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North Central Health District

COUNTY HEALTH DEPARTMENTS

Protect Your Family by Getting Immunized

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The month of August is about bringing awareness to immunizations, and North Central Health District (NCHD) wants all district residents to think ahead and get the required school vaccinations.

  National Immunization Awareness Month serves as a reminder that people of all ages require timely vaccinations to protect their health.

“Vaccinations are our best defense against vaccine-preventable diseases, such as chickenpox, measles, and whooping cough,” said Judy McChargue, NCHD Immunization Coordinator. “During this month, we urge all parents to make sure all family members are up-to-date on their vaccinations.”

This year, each week of National Immunization Awareness Month focuses on the different stages of a person’s life to remind everyone that vaccination doesn’t end at adulthood:

  • Babies and young children (Aug. 12­–18)
  • Pregnant women (Aug. 5–11)
  • Adults (Aug. 26–31)
  • Preteens/Teens (Aug. 19–25)
  • Back to School (Month-long)

Every adult in Georgia (19 years of age and older) should follow the recommended immunization schedule by Age and Medical Condition. Vaccinations protect you and they protect others around you; especially infants and those individuals who are unable to be immunized or who have weakened immune systems. It is always a good idea to have the adult vaccine schedule nearby as a reference and to make sure you are current on your immunizations. Schedules of recommended immunizations can be found at www.cdc.gov/vaccines/schedules.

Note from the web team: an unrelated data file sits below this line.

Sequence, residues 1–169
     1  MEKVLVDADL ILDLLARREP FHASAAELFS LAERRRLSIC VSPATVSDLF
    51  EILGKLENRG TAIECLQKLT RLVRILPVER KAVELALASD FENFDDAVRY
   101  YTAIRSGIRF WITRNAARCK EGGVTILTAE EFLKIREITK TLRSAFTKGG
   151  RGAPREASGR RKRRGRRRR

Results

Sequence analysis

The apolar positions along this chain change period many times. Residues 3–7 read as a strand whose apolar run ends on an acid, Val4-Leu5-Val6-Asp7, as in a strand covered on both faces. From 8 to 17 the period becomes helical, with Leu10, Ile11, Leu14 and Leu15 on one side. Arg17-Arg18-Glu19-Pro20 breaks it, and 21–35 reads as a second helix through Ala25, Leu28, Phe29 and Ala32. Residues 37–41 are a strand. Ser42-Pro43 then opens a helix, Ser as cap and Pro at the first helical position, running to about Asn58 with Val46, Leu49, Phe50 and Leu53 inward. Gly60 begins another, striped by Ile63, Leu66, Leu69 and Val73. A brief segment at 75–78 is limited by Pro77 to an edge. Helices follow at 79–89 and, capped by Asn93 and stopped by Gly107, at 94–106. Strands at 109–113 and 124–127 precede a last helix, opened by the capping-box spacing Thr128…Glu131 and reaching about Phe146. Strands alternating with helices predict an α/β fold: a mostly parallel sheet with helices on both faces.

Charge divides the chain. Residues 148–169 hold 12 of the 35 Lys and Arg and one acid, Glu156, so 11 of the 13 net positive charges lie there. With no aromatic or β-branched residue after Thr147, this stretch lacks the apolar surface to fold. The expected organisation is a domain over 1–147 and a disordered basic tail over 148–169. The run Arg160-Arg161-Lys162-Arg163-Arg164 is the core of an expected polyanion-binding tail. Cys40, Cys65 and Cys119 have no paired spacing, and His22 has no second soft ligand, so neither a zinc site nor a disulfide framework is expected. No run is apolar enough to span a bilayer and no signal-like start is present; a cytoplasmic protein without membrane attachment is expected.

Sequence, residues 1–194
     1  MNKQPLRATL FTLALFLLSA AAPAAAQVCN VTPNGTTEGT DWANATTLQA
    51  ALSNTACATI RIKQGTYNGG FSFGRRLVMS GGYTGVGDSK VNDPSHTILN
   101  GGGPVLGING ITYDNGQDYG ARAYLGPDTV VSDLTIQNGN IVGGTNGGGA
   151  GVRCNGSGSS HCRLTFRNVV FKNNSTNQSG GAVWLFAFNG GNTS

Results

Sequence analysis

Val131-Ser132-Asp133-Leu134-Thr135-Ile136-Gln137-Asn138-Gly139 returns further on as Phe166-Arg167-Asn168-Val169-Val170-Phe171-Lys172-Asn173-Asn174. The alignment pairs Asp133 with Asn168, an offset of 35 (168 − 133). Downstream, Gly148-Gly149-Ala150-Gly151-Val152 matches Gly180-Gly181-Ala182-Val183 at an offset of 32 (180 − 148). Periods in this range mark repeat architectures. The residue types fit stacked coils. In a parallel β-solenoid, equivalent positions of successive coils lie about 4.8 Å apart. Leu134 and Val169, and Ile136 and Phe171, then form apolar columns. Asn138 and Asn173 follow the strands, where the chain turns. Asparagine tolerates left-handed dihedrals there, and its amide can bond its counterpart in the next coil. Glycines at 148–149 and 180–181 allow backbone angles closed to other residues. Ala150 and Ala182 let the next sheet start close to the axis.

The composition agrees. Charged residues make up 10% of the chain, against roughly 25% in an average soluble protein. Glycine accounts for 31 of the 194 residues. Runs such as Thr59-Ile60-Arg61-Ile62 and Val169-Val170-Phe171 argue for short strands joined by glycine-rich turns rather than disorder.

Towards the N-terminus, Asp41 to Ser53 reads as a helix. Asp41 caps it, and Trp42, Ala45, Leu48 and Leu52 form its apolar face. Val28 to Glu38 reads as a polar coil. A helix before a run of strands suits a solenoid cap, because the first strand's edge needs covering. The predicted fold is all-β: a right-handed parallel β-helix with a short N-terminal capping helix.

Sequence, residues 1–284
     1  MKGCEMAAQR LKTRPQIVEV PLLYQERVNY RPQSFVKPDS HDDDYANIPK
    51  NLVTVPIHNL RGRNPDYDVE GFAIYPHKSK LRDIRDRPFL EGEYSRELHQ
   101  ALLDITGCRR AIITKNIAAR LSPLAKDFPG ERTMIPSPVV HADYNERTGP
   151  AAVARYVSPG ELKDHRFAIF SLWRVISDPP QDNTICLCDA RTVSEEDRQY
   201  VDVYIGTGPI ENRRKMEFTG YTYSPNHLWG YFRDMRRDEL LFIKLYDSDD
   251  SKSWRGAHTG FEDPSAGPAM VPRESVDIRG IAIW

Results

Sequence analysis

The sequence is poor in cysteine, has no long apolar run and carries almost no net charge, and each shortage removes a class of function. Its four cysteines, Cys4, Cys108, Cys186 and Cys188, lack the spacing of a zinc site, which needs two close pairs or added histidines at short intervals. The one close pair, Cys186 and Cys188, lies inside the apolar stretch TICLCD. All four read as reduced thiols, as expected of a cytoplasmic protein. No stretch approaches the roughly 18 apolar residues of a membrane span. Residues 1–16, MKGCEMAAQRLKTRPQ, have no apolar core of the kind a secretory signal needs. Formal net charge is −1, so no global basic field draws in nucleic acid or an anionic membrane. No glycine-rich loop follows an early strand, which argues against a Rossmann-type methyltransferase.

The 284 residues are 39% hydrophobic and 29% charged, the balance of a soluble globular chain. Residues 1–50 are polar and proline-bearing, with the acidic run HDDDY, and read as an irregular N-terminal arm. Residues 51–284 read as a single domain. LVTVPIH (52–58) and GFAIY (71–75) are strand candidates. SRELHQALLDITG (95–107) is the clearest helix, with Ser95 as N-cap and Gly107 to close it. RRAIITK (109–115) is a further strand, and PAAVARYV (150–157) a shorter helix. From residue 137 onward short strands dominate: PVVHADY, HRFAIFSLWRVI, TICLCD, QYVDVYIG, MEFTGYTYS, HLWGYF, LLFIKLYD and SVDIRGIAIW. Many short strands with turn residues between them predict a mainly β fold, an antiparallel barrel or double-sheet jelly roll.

Vaccines protect families, teens and children by preventing disease. They help avoid expensive therapies and hospitalization needed to treat infectious diseases like influenza and pneumococcal disease. Vaccinations also reduce absences both at work and at school and decrease the spread of illness in the home, workplace and community.

Students born on or after January 1, 2002 and entering the seventh grade need proof of an adolescent pertussis (whooping cough) booster and adolescent meningococcal vaccinations. Every child in a Georgia school system (Kindergarten through 12th grade), attending a child care facility or a new student of any age enter a Georgia School for the first time is required by law to have a Georgia Immunization Certificate, Form 3231. The following immunizations are required for child care and school attendance:

•        Diphtheria

•        Tetanus

•        Pertussis

•        Polio

•        Measles

•        PCV13 (up to age 5 years)

•        Mumps

•        Rubella

•        Hepatitis A and B

•        Hib disease (up to age 5 years)

•        Varicella

•        Meningococcal Conjugate

Some schools, colleges and universities have policies requiring vaccination against meningococcal disease as a condition of enrollment. Students aged 21 years or younger should have documentation of receipt of a dose of meningococcal conjugate vaccine not more than five years before enrollment. If the primary dose was administered before their 16th birthday, a booster dose should be administered before enrollment in college.

“The focus of vaccinations often lies on young children, but it’s just as important for teens, college students and adults to stay current on their vaccinations,” said Shelia Lovett, Director of the Immunization Program of the Georgia Department of Public Health.

NCHD reminds adults to check with their healthcare provider for their current vaccination recommendations, and to check the recommendation for their children. Safe and effective vaccines are available to protect adults and children alike against potentially life-threatening diseases such as tetanus, diphtheria, pertussis, hepatitis A, hepatitis B, shingles, measles, mumps and more. Talk to your healthcare provider or visit you local health department to get immunized today.

For more information on immunization, visit dph.georgia.gov/immunization-section.

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